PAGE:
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To the power of two: On the Rajapaksas

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Meanings are given in Bold

The appointment of Mahinda Rajapaksa as Sri Lanka’s Prime Minister consolidates (make (something) physically stronger or more solid) the hold of the Rajapaksa family on power. The change was entirely on expected lines, after his younger brother, Gotabaya Rajapaksa, won decisively ( in a way that shows the ability to make decisions quickly and effectively) in the presidential election. Outgoing Prime Minister Ranil Wickremesinghe, whose party’s candidate lost the election, submitted his resignation, thus enabling the newly-elected President to appoint a new Prime Minister.

Under the country’s constitutional scheme, the President is directly elected, and heads the Cabinet, even while the Prime Minister he appoints ought ( used to indicate duty or correctness, typically when criticizing someone’s actions)  to be one who commands a majority in Parliament. Even though the Sri Lanka Podujana Peramuna, the party of the Rajapaksas, does not have the requisite ( a thing that is necessary for the achievement of a specified end) numbers, it is unlikely to be an issue, as it is expected to be only a caretaker regime ( a government, especially an authoritarian one) until the next parliamentary elections, due in late 2020.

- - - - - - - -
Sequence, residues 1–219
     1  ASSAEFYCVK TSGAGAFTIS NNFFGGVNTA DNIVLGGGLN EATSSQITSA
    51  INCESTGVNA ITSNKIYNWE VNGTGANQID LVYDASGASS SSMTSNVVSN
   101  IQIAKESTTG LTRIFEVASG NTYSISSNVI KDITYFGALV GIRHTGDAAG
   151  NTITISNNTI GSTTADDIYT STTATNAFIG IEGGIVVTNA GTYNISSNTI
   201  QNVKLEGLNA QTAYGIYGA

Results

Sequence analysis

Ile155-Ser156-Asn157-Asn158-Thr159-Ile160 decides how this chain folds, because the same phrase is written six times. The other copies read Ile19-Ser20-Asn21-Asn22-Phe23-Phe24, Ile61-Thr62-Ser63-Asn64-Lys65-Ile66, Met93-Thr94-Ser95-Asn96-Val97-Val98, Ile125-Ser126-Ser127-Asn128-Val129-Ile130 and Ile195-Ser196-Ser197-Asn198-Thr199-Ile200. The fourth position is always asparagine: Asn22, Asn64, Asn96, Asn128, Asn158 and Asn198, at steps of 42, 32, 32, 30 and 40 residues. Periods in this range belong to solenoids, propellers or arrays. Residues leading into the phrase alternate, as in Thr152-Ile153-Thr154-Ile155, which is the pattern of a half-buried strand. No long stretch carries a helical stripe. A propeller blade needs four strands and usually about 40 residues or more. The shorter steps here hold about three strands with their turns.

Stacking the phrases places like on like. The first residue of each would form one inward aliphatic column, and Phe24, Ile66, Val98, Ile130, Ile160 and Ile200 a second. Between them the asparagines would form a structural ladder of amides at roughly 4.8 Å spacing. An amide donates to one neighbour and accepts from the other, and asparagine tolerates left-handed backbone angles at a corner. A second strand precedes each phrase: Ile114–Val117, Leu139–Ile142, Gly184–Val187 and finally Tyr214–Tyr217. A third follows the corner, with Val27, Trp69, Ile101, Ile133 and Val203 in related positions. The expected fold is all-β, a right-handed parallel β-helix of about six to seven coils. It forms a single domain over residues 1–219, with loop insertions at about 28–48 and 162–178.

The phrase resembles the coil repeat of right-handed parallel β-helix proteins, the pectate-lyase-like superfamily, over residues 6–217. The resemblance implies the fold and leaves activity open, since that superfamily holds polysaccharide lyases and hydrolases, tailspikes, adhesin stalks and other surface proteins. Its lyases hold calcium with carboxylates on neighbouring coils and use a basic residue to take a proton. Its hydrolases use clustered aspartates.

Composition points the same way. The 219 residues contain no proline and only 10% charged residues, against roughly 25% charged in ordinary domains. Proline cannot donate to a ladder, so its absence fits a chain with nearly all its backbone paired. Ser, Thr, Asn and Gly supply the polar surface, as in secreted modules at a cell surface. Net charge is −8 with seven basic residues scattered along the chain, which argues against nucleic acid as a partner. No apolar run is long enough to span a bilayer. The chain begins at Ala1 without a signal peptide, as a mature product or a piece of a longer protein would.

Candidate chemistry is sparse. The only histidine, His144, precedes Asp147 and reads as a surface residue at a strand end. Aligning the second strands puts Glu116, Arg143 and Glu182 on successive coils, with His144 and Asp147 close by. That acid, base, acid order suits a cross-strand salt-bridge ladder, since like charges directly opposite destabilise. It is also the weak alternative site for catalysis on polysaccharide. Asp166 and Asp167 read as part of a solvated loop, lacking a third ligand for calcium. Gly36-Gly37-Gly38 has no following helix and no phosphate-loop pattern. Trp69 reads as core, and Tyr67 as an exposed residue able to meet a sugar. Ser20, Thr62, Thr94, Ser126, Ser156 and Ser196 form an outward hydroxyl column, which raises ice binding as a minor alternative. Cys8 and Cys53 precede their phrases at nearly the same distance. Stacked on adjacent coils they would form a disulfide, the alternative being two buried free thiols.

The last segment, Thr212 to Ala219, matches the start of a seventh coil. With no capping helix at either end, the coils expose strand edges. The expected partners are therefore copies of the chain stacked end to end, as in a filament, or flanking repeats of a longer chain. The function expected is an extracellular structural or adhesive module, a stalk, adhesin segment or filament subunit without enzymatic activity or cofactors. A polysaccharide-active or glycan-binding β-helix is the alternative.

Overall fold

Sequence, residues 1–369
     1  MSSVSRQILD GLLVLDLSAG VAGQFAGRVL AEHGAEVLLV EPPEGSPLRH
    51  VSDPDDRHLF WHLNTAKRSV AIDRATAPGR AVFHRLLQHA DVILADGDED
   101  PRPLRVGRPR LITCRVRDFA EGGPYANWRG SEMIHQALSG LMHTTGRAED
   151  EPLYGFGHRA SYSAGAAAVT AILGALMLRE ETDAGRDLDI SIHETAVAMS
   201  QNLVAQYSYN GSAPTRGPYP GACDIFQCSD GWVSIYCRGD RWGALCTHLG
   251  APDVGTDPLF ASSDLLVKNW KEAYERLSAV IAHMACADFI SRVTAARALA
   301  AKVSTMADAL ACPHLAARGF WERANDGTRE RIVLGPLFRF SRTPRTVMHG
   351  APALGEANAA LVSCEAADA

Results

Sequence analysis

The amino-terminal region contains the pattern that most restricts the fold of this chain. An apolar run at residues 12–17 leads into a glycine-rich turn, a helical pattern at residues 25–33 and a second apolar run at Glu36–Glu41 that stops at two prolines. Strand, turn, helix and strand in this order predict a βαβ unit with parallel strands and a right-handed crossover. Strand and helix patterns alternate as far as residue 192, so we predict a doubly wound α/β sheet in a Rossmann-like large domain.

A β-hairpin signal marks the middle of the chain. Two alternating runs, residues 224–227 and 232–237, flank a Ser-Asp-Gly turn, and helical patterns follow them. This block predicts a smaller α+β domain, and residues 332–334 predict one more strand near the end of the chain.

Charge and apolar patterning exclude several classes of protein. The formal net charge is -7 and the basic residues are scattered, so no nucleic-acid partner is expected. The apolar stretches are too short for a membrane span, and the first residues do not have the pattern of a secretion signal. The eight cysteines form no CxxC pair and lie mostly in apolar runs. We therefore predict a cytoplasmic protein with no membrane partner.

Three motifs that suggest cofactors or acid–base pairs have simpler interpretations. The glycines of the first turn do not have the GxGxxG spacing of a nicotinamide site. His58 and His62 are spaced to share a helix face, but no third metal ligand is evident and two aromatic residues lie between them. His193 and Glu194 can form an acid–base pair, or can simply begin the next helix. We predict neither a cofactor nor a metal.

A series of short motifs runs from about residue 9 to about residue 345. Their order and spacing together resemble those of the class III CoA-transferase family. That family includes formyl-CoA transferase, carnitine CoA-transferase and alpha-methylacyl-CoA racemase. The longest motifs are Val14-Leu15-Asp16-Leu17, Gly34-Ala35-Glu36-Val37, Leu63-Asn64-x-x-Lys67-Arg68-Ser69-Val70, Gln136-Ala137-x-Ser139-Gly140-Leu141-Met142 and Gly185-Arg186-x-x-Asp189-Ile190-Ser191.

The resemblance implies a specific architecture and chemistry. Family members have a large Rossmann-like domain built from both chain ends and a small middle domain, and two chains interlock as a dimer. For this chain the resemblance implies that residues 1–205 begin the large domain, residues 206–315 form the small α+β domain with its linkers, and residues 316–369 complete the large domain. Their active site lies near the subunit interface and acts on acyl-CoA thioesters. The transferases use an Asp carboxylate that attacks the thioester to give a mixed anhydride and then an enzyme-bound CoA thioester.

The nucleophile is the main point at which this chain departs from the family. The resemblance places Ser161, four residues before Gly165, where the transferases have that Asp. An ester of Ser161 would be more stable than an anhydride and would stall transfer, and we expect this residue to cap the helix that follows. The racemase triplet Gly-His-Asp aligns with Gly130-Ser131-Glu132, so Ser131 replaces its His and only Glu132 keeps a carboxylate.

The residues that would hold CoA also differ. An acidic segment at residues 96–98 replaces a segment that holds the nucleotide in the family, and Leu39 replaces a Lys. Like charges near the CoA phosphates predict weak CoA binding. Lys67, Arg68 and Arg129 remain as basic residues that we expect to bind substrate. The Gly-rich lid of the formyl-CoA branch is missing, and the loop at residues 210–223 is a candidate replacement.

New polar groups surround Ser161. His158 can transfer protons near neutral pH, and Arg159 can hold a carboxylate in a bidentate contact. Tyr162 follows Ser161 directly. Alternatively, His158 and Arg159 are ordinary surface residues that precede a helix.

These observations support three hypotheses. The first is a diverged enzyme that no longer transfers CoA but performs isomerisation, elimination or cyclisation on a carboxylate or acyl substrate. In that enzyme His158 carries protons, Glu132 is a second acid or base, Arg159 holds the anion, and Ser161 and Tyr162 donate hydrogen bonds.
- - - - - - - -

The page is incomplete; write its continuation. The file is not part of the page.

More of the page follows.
Under the 19th Amendment to the Constitution introduced in 2015, the President may dissolve ( lose down or dismiss (an assembly or official body)) the House six months prior to the end of its term, which effectively means it could be dissolved any time after March. Mahinda Rajapaksa has emerged as Sri Lanka’s most popular leader today. Few will doubt that his acumen ( the ability to make good judgements and take quick decisions) and personal charisma were crucial to his brother’s victory. His presence in an official role in the corridors of power will be vital in the way the President runs the country and handles external relations.

However, the prospect of the country’s two most powerful offices being vested ( confer or bestow (power, authority, property, etc.) on someone) in a single family does raise concerns. The 2015 mandate against Mahinda Rajapaksa was one for reform and change. It led to the 19th amendment, which curbed ( restrain or keep in check) the President’s powers, especially the power to dismiss the Prime Minister and his Cabinet at will, and the two-term limit on contesting for President. The question now is whether the gains it brought about for democracy will last. Mahinda Rajapaksa’s reaction to the election result contained a specific reference to the “complications” in governance caused by the amendment, and promised a “programme of action”.

It would be a retrograde ( directed or moving backwards)  step, if they embark ( begin (a course of action))  on any move to overturn the gains of the legislation. A return to ancien régime ( a political or social system that has been displaced by another) was undoubtedly one of the concerns of the minorities when they voted against Gotabaya Rajapaksa. India’s move in sending External Affairs Minister S. Jaishankar to call on the new President has signalled an eagerness to preserve its traditional ties with Sri Lanka as well as its interests. It is particularly welcome that India has conveyed its expectations that the process of national reconciliation ( The restoration of friendly relations) would be taken forward by the new regime, with a solution for the Tamil population based on equality, justice, peace and dignity at the core of it.

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